To Neilston and beyond




June 2011
50 km








2011 is a year where I have started from zero health due to obesity and a serious illness. My finances has also taken a big hit due to these circumstances and the general recession where the food and heating prices has eaten up my holiday budget. I have had no choice than to explore the local area for interesting routes. Thankfully, I live in an excellent touring area.
So far, the area immediate south of Paisley has more or less been a white dot on my map. Only the Gleniffer Braes area and the road between Kilmarnock and Paisley has been explored. The Uplawmoor area has not been even considered as an interesting area. An email from a local man Michael Crossan on the eve of me going off for the annual Arrochar ride, which I found both boring and tedious this year, changed all that. Google Maps was given a thorough lookover and the Google Earth part revealed a lot of goodies awaiting my visit. I had never been til Neilston too so two birds killed by one stone...... The Kingston Road from Neilston to Dunlop was chosen for my first exploration of this area.



It was a nice morning with only light overcast when I started the tour by going past my local golf course and up past Dykebar Hospital on my way to Barrhead. The road were rising all the way to this big village and through it. I took the Neilston Road towards Neilston. This road were pretty steep in the beginning before it went into an almost vertical climb just before the village itself.



Looking back towards Glasgow in the distance and Barrhead below on my way to Neilston

Neilston is a pretty scenic village high in the hills above Glasgow and Barrhead. It is at 150 meters above sea level and have it's own railway station too. I did not see much of Neilston because I was trying to find the beginning of Kingston Road. But I will be back there pretty soon.
I soon found this road and the next miles was pretty special. The road climbs steady from Neilston to it's top on a ridge high above the valley floor (the Barrhead to Lugton road) at around 240 meters above sea level. The terrain was typical moor landscape and pretty nice. Unfortunate, I was so impressed I forgot to take a photo of this top. But I will be back and correct that mistake. The road towards Dunlop was pretty wild down the mountain side before it levelled out and I was soon down at the main Kilmarnock Road where I turned my nose to the north again.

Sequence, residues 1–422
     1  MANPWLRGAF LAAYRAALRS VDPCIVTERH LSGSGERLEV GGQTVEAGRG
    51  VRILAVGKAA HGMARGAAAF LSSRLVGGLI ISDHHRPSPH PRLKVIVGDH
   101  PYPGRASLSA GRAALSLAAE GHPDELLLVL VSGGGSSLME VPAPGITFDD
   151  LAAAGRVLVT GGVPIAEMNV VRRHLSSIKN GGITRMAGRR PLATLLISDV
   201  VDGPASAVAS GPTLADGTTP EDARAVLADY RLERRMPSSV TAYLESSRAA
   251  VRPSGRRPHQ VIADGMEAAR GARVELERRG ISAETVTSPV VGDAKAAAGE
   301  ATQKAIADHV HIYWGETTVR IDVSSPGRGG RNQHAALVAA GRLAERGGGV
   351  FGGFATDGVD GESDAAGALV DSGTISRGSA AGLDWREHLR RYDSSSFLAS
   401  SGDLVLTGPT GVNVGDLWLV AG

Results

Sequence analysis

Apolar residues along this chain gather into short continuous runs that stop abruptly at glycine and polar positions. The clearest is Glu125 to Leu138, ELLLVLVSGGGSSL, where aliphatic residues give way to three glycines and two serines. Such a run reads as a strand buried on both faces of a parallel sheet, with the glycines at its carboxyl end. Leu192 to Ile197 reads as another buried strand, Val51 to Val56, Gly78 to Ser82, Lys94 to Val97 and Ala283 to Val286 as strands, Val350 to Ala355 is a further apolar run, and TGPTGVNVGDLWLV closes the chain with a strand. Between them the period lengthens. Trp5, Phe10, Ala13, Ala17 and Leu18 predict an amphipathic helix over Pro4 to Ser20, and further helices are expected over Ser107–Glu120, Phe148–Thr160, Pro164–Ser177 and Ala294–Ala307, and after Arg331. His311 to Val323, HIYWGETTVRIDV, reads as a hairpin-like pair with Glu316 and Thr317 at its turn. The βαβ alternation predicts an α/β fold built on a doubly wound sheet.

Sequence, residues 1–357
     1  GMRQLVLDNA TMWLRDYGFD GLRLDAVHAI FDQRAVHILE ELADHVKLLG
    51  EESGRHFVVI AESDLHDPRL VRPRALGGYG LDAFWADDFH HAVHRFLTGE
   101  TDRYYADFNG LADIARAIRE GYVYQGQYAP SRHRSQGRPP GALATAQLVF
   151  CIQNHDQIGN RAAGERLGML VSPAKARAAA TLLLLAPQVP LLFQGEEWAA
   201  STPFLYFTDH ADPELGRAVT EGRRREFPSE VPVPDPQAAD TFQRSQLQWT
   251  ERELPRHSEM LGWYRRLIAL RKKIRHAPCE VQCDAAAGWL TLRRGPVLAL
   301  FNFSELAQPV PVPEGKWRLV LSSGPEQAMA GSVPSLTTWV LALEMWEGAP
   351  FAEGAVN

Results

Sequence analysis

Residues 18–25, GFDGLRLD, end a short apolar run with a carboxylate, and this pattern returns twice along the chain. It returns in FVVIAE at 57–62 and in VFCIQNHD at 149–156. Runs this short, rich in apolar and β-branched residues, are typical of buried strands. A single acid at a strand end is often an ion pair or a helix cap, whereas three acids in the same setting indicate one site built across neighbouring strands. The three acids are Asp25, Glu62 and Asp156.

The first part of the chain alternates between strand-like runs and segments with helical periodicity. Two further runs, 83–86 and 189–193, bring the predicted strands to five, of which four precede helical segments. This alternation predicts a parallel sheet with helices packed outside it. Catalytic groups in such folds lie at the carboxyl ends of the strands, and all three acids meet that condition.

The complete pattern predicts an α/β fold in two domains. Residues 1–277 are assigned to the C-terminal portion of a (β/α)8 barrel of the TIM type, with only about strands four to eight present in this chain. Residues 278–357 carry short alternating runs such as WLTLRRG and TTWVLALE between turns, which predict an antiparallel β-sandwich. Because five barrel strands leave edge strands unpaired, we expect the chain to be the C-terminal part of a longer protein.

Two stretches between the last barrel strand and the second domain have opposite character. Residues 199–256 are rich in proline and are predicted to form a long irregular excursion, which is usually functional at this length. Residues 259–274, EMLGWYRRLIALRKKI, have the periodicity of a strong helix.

Looking towards the Goatfell at Isle Of Arran in the distance and the hills above Kilwinning, Dalry and Beith in the foreground

After some hundred meters, I was in Dunlop and continued through this village first down a drop to a ravine and then up a hill and down again to Lugton. This small village, more a scattered collection of ten houses or less in fact, is an important crossroad between north, south, west and east in Ayrshire. It also has an excellent pub, hotel and a shop. I was there first time in 1995 on my bike on my way to Dumfries so I have a soft spot for Lugton. I chose the road towards Beith first and then after half a kilometer the Gleniffer Road. I followed that direct road towards Paisley for one kilometer before I took the Caldwell Road (B 776) towards Howwood.



Looking back from the Caldwell Road towards the hills on the other side of Lugton and the valley below. Plenty of cows around too.

This road were steep in the beginning before it levelled out into an up and down terrain with sharp turns and climbs. Typical my favorite cycling. This joyful cycling ended at the Barcraigs Reservoir where a small climb took me up and over to the hill overlooking Howwood and the valley below. The descent to Howwood was vertical to say at least through a residential road. The road from Howwood past Johnstone and Elderslie to Paisley were eventless with some heavy traffic near Paisley and a couple of roundabouts I was not that fond off. But I made it home safe after some wonderful hours in the saddle.

Conclusion



An great 50 km long tour which has given me a lot of taste for this previously white area on my cycling map. The climb up to Neilston is alone worthy the tour. But the Kingston Road over the moor to Dunlop is the best thing about this tour. The Caldwell Road over to Howwood is an excellent ride too. In short, this is a great short ride well worth doing. I will be back.